According to the U.S. Bureau of Labor Statistics, consumer prices are up by 8.2%ˡ. In dollars, that means, most consumers are now paying an additional $445 more per month for goods and services, like groceries, rent, and healthcare². Of course, this amount varies by region and what items are being purchased each month. If you’ve been to the grocery store recently, however, you’re probably already aware that inflation is high.
George Nicola, CFP®, CIMA®, CAIA, Senior Vice President and First Bank Wealth Management Chief Investment Officer, commented, “While we have experienced inflation at levels we haven’t seen in four decades, it’s reasonable to believe that such periods of off-the-chart inflation are often temporary in nature and considered short, when looking at it from a long-term perspective. The Federal Reserve is determined to bring inflation to its long-term average of around 2% - 2.5% and what they have done, thus far, in 2022 demonstrates their laser-focused approach to achieving this goal.”
Until then, however, what can American consumers do to ease the pain on your wallets?
Develop a Sound Budget
There are a number of ways in which consumers can survive record inflation. First and foremost,
devise a strategic budgeting plan. When you think of a successful business, you’re probably aware that developing an annual budget is part of the standard operating procedure, so why should a household’s finances be any different? After all, managing a household efficiently is just as important as running a business.
Getting organized and creating a monthly budget gives consumers an opportunity to examine spending categories, like discretionary spending, that can possibly be reduced or reallocated. This is a good time to review everything from weekly grocery and entertainment expenses to monthly cable and insurance premiums. Become a savvy, informed consumer.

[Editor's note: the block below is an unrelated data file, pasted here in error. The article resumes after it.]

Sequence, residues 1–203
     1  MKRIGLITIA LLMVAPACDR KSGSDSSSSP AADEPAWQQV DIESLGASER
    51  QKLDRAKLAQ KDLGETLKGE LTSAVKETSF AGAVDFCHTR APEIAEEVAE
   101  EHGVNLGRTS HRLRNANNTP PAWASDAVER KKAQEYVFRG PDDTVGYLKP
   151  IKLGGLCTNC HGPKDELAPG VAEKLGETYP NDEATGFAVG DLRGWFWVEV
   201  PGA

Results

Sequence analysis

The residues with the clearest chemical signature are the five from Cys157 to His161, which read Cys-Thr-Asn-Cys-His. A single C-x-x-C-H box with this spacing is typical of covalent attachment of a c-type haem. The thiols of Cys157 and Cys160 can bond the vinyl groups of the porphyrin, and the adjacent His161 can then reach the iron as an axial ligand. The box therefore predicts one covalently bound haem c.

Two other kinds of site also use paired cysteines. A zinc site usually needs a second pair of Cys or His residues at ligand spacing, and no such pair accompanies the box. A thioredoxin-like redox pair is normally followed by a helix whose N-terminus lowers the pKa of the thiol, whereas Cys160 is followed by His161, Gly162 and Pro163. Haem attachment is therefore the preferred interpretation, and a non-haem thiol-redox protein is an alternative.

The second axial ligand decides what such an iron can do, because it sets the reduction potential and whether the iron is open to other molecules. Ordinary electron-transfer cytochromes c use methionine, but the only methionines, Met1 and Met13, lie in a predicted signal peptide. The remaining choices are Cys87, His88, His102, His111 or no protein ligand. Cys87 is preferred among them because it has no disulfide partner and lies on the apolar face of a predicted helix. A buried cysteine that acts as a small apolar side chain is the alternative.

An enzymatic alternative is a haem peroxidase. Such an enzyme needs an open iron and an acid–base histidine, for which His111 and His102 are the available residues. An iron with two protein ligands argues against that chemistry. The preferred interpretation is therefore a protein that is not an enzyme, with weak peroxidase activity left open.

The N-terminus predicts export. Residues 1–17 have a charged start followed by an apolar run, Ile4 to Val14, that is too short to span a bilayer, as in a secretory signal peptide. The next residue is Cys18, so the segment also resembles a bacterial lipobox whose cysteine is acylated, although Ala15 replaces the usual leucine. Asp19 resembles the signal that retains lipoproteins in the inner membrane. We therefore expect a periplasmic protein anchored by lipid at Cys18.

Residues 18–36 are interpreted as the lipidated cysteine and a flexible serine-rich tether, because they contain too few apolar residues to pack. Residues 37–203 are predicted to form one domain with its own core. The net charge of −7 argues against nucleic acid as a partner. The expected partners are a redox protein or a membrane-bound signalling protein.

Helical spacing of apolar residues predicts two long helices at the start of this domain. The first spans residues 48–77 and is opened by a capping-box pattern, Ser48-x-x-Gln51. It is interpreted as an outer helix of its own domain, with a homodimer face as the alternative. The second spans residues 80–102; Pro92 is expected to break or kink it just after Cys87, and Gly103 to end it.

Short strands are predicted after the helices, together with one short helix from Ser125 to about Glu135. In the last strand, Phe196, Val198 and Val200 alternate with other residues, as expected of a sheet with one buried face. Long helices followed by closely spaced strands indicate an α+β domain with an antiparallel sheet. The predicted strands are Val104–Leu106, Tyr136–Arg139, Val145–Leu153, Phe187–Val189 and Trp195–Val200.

Read more at “Establishing a Budget.”
Get Strategic with Savings and High-Interest Debt
Being smart with your money has never been more important. Once you’ve paired down your expenses, you’ll want to start paying down higher-interest debt as well as building up an emergency savings. Of course, regular, automated contributions to a standard savings account is a time-honored approach; however, it may be a good time to consider adding a Certificate of Deposit (CD) to your emergency savings plan.
If you’ve never saved by using a CD before, there are many reasons to consider this option, including:
1. Enjoy the flexibility of choosing your investment period.
2. Open an account with as little as $1,000.
3. Earn more than traditional savings accounts.
Open a high-yield CD account online today.
With rising interest rates, it’s possible your credit card’s borrowing rate has gone up as well. This means you’ll pay more each statement cycle on balances you’re carrying when using your credit card. Take the time to review what your rates and balances are for all of your consumer (or non-mortgage) debts.
Consider finding lower-rate alternatives, like a home equity line of credit, in which to consolidate high-interest consumer debt. You could even transfer the balance to a low, introductory rate credit card.
Check to see if you pre-qualify for any of First Bank’s credit cards, issued by First National Bank of Omaha (FNBO®), online without impacting your credit score.
Review Your Long-term Goals
Once you’ve examined each of your expense categories and high-interest debts, you’ll then want to review your long-term savings goals. “Clearly, investors are worried about their ability to maintain their purchasing power in this environment,” continued Nicola, “especially, if they are retired or are about to retire, and become dependent on their nest egg of retirement savings to support their retirement. The most crucial advice I would offer is to not make long-term predictions and decisions based on short-term market disruptions.”
He went on to explain that the worst asset to hold during high inflationary periods is cash. “Consult with your trusted Financial Advisor on where you could deploy any excess cash into inflationary-hedged investments to maintain your purchasing power, not only over the short or the intermediate term, but rather the long term and throughout the retirement phase.”
It’s easy to review your retirement nest egg and savings strategy. Schedule a Portfolio Review today.
If inflation is taking a toll on your wallet, and you would like to discuss your options, including taking advantage of higher returns with a CD, consolidating your higher-interest debt with a HELOC, or reaching out to the trusted advisors at First Bank Wealth Management to discuss your portfolio, schedule an appointment today!
ˡU.S. Bureau of Labor Statistics, September Inflation Report, 2022
²Another Ugly Inflation Report, Moody’s Analytics, October 14, 202